Over the next week I fished a couple more hours, but to no avail.  On Monday the 25th I took the day off after working both Saturday and Sunday.  A good friend and fishing partner, Cole, made the trip down from Bozeman, MT to spend the day fishing.  Despite the temperature we were determined to get out on the river and at noon we arrived at Vernon to get on the water.  It was around 19 degrees and ice build-up on our line guides was a constant battle.  An hour and a half later, Cole had caught two fish and we were frozen. We decided to head back to the car to warm up and drive up to Ora Bridge.  It had warmed up a little by now but, again, we lasted about an hour and a half before getting too cold to keep fishing.  It was three o’clock and Cole had now landed four fish, three Browns and a Rainbow all about the same size, nine to ten inches.  When it comes to fishing, I am not a particularly competitive person, mostly I was excited that Cole had caught four beautiful fish for the day and that meant it was already a fantastic day on the river. However, I was getting anxious to land a fish.  Cole and I agreed that we would warm up one more time and drive down to Vernon Bridge.  After sitting in car for about 15 minutes I felt that my feet were finally warm enough to brave the water once more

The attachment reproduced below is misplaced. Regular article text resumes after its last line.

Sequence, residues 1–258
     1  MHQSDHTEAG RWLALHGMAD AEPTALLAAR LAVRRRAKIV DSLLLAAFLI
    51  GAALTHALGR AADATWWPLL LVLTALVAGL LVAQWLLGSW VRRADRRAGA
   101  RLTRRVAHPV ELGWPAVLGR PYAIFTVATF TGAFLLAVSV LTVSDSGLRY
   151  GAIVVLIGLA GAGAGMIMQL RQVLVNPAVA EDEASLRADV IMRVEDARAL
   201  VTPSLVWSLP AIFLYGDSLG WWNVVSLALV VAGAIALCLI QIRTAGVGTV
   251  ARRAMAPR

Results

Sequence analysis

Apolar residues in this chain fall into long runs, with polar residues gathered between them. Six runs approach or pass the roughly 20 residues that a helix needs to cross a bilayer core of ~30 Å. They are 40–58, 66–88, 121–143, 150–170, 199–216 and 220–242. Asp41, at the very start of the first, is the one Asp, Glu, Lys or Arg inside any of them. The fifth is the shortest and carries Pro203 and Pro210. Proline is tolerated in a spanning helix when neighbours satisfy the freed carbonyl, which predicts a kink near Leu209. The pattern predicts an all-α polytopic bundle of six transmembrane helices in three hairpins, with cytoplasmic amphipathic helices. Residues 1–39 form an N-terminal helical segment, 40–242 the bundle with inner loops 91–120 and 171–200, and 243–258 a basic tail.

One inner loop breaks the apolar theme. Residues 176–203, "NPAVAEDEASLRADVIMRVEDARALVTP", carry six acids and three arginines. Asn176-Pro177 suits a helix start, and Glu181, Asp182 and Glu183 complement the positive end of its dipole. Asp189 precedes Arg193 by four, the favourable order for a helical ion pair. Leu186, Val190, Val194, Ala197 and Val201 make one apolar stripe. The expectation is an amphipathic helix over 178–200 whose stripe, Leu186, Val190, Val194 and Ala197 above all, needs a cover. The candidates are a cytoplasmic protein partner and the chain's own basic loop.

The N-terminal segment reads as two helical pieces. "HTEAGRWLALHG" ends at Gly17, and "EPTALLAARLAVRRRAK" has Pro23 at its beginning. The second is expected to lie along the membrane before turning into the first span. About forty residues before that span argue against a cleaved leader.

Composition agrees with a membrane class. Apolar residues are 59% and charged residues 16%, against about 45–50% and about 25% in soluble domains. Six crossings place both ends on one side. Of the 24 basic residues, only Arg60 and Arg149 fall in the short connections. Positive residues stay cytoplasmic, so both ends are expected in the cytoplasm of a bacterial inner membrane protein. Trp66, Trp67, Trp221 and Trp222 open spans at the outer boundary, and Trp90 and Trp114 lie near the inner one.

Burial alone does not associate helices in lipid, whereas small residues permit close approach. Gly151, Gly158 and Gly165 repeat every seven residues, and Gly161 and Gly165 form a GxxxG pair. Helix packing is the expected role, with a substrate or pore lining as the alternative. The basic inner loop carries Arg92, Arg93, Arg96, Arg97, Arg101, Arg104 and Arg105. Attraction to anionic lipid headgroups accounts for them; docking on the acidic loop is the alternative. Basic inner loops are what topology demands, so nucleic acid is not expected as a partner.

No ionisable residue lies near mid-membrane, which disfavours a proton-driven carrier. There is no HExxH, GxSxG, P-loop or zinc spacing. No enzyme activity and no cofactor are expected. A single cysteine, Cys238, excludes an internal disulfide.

I decided that I would just wade straight out from the launch and fish that channel deep with a neon green Wooly Bugger led by a split shot and trailed by a red worm.  I had such a good feeling about fishing the run from the moment I left the car and that feeling proved to be correct.  On my fifth or sixth drift I felt the unmistakable tug of a fish.  I lifted my rod tip and the fight was on!  

        This time it was much shorter and with the help of Cole’s net we landed the fish within two minutes.  A big, heavy Rainbow.  I was thrilled.  Feeling satisfied and generally effervescent I hung my rod up in a tree on the bank and took over as cameraman while Cole fished further up the channel.

        After hooking a rock and losing his fly, Cole tied on a large, black fly.  The last thing I remember saying to him was, “That thing looks like a sausage”.   Two casts and a little conversation later he hooked into a fish.  Instantly we could tell it was not small.  I started snapping photos while Cole swiftly retrieved the fish.  He netted the fish and looked up at me grinning.  We exchanged a very satisfying high-five and marveled at the beauty of the silvery and purple Rainbow.  After releasing the fish we again high-fived and let out some hoots and hollers that I am not ashamed to own up to, though anyone who heard that may have really wondered what in the world was going on. I still cannot recall what we were discussing immediately before Cole hooked that fish, in the excitement of the moment it was completely erased from my memory.  At this point the sunlight was beginning to fade and the sky was turning a cream color.  We fished a few more moments just to enjoy the day before packing up and heading home. Catching two giant Rainbows in one day alone would have made for the day of a lifetime, never mind braving sub twenty-degree weather in the middle of January.  Having the river to ourselves was only a small bonus.              





Photography by Cole Phillips and James Chandler